The feature display right now celebrates the contribution of the native people in the first and second world wars, namely the famous Code Talkers, who through the use of a code based on their native languages were able to pass information throughout the allied forces that couldn't be decoded by anyone else. This beautiful display of artifacts, and video is normally housed at the Smithsonian in Washington, DC but was loaned to the Heard Museum.
Unfortunately I don't have any pictures of the Code Talkers display. But I do have a couple of paintings by Dan Namingha, a Hopi artist. This first one is called Cardinal Colors, depicting the four colors of corn that sustained the Hopi people. The yellow represents north, white is east, brown is south, and blue is west.
I'm afraid I didn't read what the meaning of this picture by Mr. Namingha is. I'll leave it for the reader to interpret.
This beautiful wall of natural poles adorned with molten glass colors represents the evolution of day into night (I think) or it could be the evolution of the natural world. Either way, it's beautiful and very tactile. It's hard not to touch each large glass piece.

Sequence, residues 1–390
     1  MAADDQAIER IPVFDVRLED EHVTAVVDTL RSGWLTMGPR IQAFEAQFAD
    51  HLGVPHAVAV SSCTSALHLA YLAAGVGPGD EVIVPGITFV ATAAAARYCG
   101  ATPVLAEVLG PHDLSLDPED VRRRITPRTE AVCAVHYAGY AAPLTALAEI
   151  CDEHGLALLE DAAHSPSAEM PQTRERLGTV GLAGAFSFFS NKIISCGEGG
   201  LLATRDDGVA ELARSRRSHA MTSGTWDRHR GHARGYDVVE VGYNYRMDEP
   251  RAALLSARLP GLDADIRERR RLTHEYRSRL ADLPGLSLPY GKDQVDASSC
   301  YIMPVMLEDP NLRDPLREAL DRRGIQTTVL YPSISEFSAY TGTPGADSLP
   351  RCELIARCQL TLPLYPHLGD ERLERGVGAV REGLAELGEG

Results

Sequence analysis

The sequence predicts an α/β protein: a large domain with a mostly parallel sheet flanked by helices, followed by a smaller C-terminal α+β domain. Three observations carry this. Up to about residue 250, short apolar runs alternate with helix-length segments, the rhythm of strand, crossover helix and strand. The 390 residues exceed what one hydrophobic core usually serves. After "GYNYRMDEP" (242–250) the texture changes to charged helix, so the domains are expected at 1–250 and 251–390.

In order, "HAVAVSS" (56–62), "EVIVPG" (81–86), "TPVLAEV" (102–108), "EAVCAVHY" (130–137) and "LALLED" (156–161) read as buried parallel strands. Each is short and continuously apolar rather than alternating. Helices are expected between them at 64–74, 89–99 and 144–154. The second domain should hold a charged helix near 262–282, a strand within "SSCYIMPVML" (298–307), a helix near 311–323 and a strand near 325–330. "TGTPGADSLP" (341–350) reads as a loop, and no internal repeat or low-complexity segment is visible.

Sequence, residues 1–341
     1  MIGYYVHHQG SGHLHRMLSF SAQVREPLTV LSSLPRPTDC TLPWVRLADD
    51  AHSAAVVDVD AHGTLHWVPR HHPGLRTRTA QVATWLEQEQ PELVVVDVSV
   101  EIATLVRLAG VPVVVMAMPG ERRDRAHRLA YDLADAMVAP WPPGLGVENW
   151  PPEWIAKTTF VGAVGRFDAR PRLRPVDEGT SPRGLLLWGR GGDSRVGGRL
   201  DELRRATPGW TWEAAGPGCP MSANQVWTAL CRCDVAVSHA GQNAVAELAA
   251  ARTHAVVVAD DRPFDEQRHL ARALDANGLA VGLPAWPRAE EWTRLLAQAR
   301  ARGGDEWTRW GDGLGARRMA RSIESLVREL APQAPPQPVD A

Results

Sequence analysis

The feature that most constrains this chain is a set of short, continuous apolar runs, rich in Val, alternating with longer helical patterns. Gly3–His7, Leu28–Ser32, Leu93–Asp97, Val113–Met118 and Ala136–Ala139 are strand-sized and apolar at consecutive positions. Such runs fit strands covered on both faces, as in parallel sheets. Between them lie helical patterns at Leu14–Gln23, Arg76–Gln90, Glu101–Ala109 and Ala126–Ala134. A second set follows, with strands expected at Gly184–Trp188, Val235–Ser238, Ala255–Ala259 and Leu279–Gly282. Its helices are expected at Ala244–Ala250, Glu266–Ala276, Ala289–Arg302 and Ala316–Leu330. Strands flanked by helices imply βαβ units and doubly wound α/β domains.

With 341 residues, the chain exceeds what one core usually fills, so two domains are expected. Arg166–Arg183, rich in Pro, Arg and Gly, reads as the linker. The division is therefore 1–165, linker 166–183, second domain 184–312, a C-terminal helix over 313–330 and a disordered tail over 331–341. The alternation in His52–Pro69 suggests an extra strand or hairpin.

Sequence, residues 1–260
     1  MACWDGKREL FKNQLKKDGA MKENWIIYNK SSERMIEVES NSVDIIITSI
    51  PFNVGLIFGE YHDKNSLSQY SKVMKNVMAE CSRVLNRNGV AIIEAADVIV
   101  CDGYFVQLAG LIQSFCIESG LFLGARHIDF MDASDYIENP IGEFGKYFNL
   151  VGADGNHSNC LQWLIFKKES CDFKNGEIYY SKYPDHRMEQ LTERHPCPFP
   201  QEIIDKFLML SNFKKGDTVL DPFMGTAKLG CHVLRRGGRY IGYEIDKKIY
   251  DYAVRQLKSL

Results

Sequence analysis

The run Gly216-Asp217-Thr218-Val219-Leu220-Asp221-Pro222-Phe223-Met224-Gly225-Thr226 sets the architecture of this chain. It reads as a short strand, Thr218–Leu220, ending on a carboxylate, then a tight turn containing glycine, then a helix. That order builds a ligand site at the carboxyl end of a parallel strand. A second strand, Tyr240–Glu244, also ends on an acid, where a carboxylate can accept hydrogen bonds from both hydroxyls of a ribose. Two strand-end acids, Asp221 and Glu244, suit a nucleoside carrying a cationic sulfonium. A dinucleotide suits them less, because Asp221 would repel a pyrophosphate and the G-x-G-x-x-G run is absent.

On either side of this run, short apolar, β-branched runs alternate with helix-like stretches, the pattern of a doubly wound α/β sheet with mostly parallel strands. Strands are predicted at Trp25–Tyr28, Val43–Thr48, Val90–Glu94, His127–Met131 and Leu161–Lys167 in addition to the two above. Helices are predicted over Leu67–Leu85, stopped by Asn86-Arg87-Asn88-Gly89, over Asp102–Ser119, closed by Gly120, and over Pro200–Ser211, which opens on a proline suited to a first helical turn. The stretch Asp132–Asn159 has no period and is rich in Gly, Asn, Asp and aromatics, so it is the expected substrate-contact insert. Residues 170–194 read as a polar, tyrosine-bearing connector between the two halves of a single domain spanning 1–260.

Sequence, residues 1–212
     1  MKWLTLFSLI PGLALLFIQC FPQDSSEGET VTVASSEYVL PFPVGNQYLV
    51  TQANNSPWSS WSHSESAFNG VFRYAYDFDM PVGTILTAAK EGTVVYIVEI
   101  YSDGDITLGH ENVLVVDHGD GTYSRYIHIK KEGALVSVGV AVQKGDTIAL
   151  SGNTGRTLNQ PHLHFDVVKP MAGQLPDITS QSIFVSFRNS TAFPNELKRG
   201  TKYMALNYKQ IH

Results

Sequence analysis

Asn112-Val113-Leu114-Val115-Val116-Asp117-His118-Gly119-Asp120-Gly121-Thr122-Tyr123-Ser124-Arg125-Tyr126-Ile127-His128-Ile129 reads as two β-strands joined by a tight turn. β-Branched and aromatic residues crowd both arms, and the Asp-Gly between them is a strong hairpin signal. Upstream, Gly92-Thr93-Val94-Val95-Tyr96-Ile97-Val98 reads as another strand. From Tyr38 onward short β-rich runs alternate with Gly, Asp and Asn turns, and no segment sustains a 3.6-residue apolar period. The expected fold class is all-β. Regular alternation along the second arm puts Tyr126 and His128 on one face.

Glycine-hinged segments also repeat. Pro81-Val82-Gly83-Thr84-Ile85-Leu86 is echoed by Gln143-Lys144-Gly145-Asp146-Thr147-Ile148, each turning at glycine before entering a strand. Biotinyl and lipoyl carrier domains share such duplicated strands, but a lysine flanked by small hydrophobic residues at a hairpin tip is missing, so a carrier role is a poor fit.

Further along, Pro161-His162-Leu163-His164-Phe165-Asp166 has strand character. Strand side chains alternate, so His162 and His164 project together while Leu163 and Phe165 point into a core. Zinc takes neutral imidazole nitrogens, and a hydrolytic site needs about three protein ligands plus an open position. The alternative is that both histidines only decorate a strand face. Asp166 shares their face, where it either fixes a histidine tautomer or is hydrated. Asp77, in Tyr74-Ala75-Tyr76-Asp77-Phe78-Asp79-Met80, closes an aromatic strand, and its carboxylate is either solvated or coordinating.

At one of the interactive displays, Wendy made a type of small doll the native children used to have, made from scraps of fabric and fibre.
Then, after a light lunch in the outdoor courtyard of the museum, we hopped back into our very uncolorful car and drove home.
Last night we turned the heater on in the pool so it would be the perfect temperature for swimming today and wouldn't you know, when we woke up this morning it was raining and cool, and it's supposed to stay that way for three or four days. Oh well, it's better than the snow and -30C temperatures they're 'enjoying' back home where the only color of consequence is white